Thursday, 28 August 2008

Sailing by the Silk Route

When it comes to maps, I tend to get a bit enthusiastic. I don't often mention that I'm a geographer: hence my curiosity about global trading patterns over the past millennium or so. Long before that, probably around 139 B.C, the Silk Road started as a chain of caravans, transporting goods from China, across central Asia to mainland Europe.

The commodities traded included not only silk, but other rare and unusual offerings, such as gold for coins and jewellery, jade, tea and spices (reminds me of what's available at ShopCurious!) Since the capacity to transport these goods over long distances was limited, luxury goods were the main products that were traded (rather like today, except now it's fuel prices that are the main factor affecting the transfer of goods). It was during the Roman era that sea routes in the Mediterranean basin and India first became fashionable for shipping produce, which was then taken by camels inland to the Nile. River boats moved the goods to Alexandria, from where trading with the Roman Empire was carried out. Arab traders, who controlled the maritime routes, gradually took over from the original overland transportation along the Silk Route from the 9th century onwards.

Much larger quantities could be transported by ship, stimulating even more trading between the various nation states and territories of the time. The main maritime route started at Canton (Guangzhou) and passed through Southeast Asia, the Indian Ocean, the Red Sea and on to Alexandria. There was also a trading route to the Spice Islands (Moluccas) in today's Indonesia.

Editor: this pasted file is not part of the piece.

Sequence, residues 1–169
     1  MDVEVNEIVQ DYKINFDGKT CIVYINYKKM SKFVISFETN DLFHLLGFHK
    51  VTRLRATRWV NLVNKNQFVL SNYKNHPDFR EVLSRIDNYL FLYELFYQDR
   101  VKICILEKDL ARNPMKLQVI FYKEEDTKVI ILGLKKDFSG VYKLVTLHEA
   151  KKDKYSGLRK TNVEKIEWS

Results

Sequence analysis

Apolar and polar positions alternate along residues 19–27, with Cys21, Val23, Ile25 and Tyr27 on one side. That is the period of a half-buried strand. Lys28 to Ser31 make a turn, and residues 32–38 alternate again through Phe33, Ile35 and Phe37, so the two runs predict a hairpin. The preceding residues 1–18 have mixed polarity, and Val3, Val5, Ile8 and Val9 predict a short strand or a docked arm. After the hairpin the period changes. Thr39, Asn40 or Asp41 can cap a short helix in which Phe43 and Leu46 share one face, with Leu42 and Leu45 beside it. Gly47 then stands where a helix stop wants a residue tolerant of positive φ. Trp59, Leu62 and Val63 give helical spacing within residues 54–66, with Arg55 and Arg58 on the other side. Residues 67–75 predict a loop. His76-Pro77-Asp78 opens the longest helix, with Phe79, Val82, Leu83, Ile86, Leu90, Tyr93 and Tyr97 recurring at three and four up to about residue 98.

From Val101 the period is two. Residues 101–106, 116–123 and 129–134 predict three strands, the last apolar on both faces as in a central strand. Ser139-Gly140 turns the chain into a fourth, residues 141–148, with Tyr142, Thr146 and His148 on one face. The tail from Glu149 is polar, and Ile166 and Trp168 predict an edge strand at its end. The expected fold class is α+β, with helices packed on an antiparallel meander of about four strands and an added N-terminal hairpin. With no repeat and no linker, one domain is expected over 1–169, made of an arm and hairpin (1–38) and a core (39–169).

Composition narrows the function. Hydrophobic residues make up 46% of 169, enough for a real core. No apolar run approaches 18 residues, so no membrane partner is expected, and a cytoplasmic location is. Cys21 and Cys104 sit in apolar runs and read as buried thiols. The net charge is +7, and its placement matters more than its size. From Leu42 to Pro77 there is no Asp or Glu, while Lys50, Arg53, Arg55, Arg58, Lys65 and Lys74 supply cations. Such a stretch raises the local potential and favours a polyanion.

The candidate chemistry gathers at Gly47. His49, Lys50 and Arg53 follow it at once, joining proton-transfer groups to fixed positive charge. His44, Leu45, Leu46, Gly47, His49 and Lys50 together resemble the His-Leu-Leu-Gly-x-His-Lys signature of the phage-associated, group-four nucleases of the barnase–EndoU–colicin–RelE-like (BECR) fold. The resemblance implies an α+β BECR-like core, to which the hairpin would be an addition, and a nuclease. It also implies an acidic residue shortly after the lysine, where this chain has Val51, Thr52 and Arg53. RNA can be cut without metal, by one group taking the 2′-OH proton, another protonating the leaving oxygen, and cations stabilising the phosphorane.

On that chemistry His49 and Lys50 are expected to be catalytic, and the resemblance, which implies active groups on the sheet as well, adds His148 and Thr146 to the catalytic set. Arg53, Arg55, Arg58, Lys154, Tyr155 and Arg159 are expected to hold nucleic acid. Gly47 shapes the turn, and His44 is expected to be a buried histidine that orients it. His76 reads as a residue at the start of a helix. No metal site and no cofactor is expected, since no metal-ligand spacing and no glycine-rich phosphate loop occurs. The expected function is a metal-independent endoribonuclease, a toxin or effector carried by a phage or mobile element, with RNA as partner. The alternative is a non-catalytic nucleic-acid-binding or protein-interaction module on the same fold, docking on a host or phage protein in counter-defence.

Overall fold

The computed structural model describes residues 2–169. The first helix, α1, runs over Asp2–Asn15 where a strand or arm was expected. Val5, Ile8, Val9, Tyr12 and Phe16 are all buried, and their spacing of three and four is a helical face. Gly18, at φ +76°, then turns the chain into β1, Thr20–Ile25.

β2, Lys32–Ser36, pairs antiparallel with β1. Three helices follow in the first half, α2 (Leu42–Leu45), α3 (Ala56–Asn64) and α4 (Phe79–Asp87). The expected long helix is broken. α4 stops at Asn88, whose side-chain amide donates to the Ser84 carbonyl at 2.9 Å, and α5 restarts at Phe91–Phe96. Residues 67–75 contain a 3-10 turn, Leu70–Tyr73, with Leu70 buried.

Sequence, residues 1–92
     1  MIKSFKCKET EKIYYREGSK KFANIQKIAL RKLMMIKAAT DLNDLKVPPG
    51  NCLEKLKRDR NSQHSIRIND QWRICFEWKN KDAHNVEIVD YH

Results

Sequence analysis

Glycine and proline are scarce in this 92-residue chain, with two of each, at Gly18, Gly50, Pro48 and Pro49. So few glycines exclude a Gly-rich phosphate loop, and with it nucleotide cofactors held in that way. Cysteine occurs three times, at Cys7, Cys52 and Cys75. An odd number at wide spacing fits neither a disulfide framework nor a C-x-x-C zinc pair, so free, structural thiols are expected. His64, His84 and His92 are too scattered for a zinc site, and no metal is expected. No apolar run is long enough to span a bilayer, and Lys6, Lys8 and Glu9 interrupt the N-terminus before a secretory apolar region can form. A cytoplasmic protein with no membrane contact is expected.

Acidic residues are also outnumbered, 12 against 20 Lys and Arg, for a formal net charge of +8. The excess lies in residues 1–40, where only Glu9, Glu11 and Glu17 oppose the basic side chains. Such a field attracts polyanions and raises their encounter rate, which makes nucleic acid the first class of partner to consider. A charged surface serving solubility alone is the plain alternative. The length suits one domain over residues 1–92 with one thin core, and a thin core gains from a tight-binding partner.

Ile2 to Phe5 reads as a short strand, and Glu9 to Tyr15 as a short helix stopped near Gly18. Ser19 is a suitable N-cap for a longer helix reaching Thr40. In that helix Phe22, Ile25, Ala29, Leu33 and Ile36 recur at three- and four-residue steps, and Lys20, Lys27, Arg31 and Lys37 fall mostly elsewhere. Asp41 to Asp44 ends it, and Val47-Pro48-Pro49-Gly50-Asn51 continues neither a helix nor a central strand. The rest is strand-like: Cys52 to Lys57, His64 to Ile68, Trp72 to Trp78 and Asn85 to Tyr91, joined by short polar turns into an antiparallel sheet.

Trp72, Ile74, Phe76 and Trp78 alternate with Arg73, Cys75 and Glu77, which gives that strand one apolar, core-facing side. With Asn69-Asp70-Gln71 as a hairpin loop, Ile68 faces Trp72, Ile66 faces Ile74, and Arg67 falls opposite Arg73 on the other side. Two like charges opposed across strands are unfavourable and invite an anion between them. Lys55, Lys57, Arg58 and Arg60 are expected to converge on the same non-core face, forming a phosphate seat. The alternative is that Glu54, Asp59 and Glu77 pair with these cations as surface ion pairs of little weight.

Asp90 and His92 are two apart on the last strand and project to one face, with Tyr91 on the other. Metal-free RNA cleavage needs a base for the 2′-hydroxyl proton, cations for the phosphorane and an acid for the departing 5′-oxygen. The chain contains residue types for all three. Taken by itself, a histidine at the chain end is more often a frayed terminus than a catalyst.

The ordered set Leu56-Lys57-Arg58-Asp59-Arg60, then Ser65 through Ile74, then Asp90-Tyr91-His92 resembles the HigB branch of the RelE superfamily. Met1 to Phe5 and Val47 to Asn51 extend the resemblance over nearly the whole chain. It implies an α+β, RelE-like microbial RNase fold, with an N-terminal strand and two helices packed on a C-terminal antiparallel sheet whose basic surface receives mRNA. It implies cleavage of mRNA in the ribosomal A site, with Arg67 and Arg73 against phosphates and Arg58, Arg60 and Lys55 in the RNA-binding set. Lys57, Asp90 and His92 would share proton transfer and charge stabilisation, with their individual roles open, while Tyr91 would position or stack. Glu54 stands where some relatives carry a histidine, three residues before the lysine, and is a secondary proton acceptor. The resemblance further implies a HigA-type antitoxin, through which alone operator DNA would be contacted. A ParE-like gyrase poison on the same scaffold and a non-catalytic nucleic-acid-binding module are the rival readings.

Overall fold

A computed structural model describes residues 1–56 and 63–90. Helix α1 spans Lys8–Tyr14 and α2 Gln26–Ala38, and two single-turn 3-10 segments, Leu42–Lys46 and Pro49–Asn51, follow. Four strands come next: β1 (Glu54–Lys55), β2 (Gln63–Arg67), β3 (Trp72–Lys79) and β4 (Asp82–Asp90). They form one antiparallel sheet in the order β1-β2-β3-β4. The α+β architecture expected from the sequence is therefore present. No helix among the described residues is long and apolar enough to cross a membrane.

The spread of religions such as Islam and diffusion of their principles also took place at this time. Many of the rules and ethics of commerce have their roots in religion. Meantime, the Europeans were developing their own maritime technology and from the 15th century onwards, they achieved sufficient power and influence at sea to overthrow the Arab control of lucrative trade: European style ships were simply able to shift commodities faster and cheaper ... and by the 16th century the Silk Road was already obsolete.

Nonetheless, exotic places along the route still make for stylish and unusual travel destinations today. And no doubt they now have their fair share of designer boutique hotels too. I'm certainly curious to explore some of them.

Are you?

No comments: